All in for Pollinators
When it comes to pollinators, we always think of bees and rightly. So while there are many different types of pollinators such as hoverflies, moths and butterflies, bees are worryingly getting scarce and we are at risk of losing two important types in Ireland: our great yellow bumblebee and the northern Colletes.
Without our great little workers, we won’t be able to produce food the way we know it; exit the lovely tomatoes and other fruits. So what can we do? Provide a nice place to live! Avoid spraying insecticide (especially in the daytime) as, unfortunately, these products don’t make the difference between pollinators and pests; and feed them! Bit by bit, we have filled our gardens (and parks) with amazing and exquisite plant varieties and hybrids. Sadly, a lot of these new bred varieties contain little to no pollen.
You don’t have to give up on all your improved varieties, of course. Here is a little guide to add very pretty plants to your garden and do your bit for the biodiversity at the same time.
Bedding plants are fantastic to bring colour for the season. They are unbeatable at the game. Although they are highly decorative, they contain very little to no pollen. Maybe, this year you will try the Osteospermum or the Argyranthemum instead of the timeless geranium. They will flower nearly as long and will provide plenty of food for bees in your pots and window boxes.
Bees prefer single flowers to double ones. Double flowers make the show and give you that WOW factor. Unfortunately, they bear far less pollen than their single flowered cousins. Take the Dahlias, for example. The ‘Happy’ and ‘Dreamy’ ranges will brighten up any garden. And you still can mix it with the extravagant dinner plate sized or fringed flowers.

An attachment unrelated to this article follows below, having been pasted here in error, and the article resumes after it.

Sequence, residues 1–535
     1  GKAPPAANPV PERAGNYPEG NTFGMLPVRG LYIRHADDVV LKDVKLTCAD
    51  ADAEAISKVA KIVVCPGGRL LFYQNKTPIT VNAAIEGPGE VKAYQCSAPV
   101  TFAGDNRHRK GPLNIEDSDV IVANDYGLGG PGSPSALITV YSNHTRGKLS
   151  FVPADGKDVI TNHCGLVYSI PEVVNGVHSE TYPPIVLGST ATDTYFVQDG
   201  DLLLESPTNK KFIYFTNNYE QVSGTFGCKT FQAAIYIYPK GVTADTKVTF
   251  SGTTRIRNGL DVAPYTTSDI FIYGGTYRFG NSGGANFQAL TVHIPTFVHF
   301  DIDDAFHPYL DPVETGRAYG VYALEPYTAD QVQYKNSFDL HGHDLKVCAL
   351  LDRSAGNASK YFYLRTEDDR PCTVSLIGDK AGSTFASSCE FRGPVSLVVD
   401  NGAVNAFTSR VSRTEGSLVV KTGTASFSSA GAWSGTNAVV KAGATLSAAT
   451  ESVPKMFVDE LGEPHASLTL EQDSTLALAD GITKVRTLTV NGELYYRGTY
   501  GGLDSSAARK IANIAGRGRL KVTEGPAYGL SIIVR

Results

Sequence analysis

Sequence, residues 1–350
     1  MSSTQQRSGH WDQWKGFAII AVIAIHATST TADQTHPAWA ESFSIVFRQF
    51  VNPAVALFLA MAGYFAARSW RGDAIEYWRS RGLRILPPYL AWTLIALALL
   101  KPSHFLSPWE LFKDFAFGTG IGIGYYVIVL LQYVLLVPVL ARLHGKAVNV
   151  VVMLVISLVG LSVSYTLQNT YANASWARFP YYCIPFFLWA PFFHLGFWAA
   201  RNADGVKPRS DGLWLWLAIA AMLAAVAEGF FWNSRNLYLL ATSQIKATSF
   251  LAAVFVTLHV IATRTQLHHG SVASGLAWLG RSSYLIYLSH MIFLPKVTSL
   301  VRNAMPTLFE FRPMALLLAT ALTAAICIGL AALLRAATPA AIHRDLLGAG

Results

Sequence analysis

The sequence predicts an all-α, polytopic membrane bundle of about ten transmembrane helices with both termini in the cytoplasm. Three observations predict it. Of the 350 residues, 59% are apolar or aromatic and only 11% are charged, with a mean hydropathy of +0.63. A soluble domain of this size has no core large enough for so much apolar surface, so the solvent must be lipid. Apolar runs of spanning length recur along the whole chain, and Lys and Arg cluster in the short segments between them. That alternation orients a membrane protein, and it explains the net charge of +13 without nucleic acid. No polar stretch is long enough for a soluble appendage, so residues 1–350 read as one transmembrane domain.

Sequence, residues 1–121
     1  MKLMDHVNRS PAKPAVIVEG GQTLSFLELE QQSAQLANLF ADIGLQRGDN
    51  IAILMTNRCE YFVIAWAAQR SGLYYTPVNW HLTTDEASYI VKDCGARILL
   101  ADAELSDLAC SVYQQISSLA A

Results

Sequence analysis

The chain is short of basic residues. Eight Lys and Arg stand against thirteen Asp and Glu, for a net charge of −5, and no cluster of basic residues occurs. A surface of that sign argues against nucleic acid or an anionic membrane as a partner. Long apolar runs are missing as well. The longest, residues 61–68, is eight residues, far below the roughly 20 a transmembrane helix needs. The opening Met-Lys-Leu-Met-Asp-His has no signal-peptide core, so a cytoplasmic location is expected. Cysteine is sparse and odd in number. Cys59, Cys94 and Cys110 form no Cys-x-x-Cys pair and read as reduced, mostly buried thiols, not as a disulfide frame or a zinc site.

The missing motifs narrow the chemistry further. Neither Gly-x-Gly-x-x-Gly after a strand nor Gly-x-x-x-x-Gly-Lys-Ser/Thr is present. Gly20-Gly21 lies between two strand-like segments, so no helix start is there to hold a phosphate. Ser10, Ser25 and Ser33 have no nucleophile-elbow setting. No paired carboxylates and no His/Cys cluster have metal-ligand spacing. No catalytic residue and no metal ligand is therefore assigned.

Plan your planting for flowers for every season. Most pollinators will die, leaving their eggs to hatch; or hibernate in the winter. Summer is usually bountiful, but as they wake up and before entering hibernation, pollinators need a large amount of food too! Having a colourful garden in Spring and Autumn, while offering a pleasant sight, will be very helpful for your buzzing friends.
Spring: Get an early start
Spring bulbs are great to bring colour to the garden early in the season and at a reasonable price. Bulbs should be planted from September onwards for the following year. The earlier they flower, the earlier you should plant them.
When it comes to pollinator-friendly varieties, the best ones are as follow, from early to late flowering:
Snowdrops: One of the first food they will get. With flowers in January and February, they open the season. Ideal in woodland settings, they are shade tolerant. Prefer the common snowdrop (Galanthus Nivalis) or the Giant one (Galanthus Elwesii) to the double flowered. They are easy to grow and great for naturalising.
Crocus: Brighten up the lawn. For the best result, plant these in clumps, in the lawn. They will come up in February and will be finished when you need to do the first mowing of the season (when the leaves have wilted).